When the Oilers do eventually hire an associate coach for Ralph Krueger, it will be the third time in recent years that the team will go with a high-powered duo behind the bench rather than with a single leading man. Will this attempt work out better than previous ones?
The “Dream Team”
When the decision was made that Craig MacTavish would not return as head coach – a choice that was evidently made with MacTavish’s approval – the Oilers turned to a coaching dream team that met with wide support from fans and media alike. After all, Pat Quinn had an impeccable resume: in addition to being one of the NHL’s all-time coaching greats, he holds a bachelor’s degree in economics and a law degree that he picked up between NHL jobs. Tom Renney was an experienced NHL head coach and seemed a solid fit for the associate job. Assistant coach Wayne Fleming was no slouch, either, and brought a lot of experience to the table, while Kelly Buchberger offered continuity and familiarity with the Oilers’ players.
There’s no need to revisit the results at any length; the game had clearly passed Quinn by and his approach was fundamentally wrong for the roster. The dream team saw the Oilers descend into the abyss, and the coaching staff would get a significant overhaul after just one season.
In the post-MacTavish world, the Oilers’ best coaching probably came from this tandem. After tanking in 2010-11, Renney suddenly returned to rigorous line matching and a careful attention to detail in 2011-12. If not for an over-reliance on goaltender Nikolai Khabibulin – the veteran went 1-12-4 after Christmas and condemned an Oilers team that was improving in other areas to a 29th-place finish – it seems likely to me that Renney would have survived the 2012 offseason, but after a long wait on a decision the Oilers decided to cut him loose. After another long wait (and a misguided pursuit of Mark Messier) the Oilers opted to replace Renney with Ralph Krueger.
2012-13: Ralph Krueger
In some ways, the decision to go to Krueger showed clear benefits. He obviously has a knack for clear and effective communication, and the bond between the coach and his players was obvious even from a distance. Nail Yakupov put it this way:
If we can stay healthy, we’re a very good team. We can beat any team in the league. Besides, we have got an excellent coach. He’s great not only as a coach but on a personal level too. I have never met a coach like him. He’s always there for us. You want to go out there and win games just because of him.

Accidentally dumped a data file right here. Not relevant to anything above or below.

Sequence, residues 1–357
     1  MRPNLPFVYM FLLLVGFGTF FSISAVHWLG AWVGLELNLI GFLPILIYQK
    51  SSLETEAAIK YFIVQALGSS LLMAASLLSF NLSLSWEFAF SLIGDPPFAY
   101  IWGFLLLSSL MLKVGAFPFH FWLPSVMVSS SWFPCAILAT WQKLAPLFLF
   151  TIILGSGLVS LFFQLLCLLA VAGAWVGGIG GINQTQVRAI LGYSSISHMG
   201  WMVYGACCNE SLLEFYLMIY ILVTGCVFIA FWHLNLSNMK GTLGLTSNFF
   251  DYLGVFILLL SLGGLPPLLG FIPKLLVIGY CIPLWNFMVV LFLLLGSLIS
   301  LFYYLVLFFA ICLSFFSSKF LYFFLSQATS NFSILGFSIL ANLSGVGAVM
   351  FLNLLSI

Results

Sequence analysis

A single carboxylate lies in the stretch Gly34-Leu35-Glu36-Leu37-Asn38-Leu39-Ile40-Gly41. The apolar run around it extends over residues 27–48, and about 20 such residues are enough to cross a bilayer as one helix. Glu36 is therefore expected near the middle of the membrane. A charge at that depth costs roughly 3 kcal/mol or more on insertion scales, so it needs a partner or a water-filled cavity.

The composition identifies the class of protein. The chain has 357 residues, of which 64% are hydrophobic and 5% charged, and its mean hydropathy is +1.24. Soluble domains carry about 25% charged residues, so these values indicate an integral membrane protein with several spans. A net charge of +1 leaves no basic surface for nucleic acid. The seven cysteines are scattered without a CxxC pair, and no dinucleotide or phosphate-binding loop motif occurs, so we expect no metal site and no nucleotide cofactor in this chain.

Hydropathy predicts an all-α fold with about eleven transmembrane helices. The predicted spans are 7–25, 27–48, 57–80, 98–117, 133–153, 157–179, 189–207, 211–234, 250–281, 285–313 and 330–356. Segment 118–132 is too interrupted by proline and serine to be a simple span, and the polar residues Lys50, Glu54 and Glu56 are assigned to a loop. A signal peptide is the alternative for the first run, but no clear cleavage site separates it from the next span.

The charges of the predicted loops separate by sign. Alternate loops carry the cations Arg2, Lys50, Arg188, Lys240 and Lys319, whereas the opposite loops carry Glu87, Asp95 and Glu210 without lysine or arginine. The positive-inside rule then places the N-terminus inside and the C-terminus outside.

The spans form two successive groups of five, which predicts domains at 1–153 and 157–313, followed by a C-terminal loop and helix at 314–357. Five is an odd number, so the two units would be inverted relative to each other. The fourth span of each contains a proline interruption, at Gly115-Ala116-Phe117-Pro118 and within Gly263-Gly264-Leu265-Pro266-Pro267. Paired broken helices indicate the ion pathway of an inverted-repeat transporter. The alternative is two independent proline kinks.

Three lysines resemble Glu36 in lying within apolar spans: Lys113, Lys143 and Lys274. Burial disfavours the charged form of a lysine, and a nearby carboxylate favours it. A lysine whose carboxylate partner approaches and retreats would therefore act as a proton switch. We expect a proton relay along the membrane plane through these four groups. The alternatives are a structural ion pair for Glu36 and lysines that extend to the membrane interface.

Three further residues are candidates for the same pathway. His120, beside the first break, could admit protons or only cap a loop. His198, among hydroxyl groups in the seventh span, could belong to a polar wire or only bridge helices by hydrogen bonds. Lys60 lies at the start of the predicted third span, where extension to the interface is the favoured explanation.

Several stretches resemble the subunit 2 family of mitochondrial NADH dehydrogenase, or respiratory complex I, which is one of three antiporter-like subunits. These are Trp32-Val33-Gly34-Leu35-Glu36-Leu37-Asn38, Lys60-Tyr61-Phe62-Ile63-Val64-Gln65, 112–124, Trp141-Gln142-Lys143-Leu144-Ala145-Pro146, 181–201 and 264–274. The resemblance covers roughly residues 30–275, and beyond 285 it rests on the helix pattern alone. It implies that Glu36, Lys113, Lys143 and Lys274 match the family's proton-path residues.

However, the Oilers backslid in some ways from their last year under Renney to their first year under Krueger. Despite greatly improved goaltending (from both Devan Dubnyk and Khabibulin) and additions like Yakupov and Justin Schultz, the team posted an equivalent record, going from 32-40-10 to the equivalent of 32-38-12 (their 48-game results projected over an 82-game schedule). The even-strength results were particularly bad, with the Oilers falling from a 24th-ranked 48% Fenwick Close rating (a plus/minus based on shots and missed shots from games where the score was close) down to 44%; translating that, the Oilers went from being just below average at out-shooting their opposition to nearly the bottom of the league.
Faced with a coach evidently loved by his players but with a team heading the wrong direction in some critical areas, the Oilers brain-trust has decided that the best solution is to beef up the tactical ability of the coaching staff with a well-respected associate coach.
The New Associate Coach
So far, three names have been publicly mentioned in connection to the Oilers organization by highly credible reporters: former NHL head coaches Paul Maurice and Rick Bowness, and AHL head coach Dallas Eakins. Bowness was also interviewed by Tampa Bay and ultimately accepted a job there (the Lightning, with the relatively inexperienced Jon Cooper in the top job, wanted an associate coach to take the same role the Oilers are looking to fill). Maurice interviewed with the Oilers and would be a highly credible candidate for the job. Eakins too is a high-level candidate, and one in serious contention for an NHL head coaching job – it’s entirely possible that he’s the Oilers first choice but that Edmonton needs to wait until he has explored his head coaching options.
Whichever candidate the Oilers settle on, it’s clear that they will be adding a very impressive coach to the staff. If it works, the Oilers might just find that magic combination of tactical brilliance and player buy-in. If it doesn’t, than Krueger’s most probable replacement will already be on staff.
Recently around the Nation Network
At Jets Nation, Kevin McCartney profiles Free Agent Target: Michael Ryder, and suspects he won’t come with a hefty price-tag:
With a shrinking cap and a number of teams scared off by the idea of a spotty scorer, I suspect Ryder is available on two to three year contract in the neighbourhood of 3.5 million per year in spite of the weak UFA class and his excellent season.
Click the link above to read the whole piece, or feel free check out some of my other pieces here:
- Trading Shawn Horcoff
- Is realignment good or bad for the Oilers’ playoff hopes?
- Edmonton Oilers depth chart, June 2013
- Report: Ralph Krueger the Oilers’ second choice for head coach – behind Mark Messier
- Is there a veteran NHL free agent the Oilers should pursue in net?
- Follow Jonathan Willis on Twitter!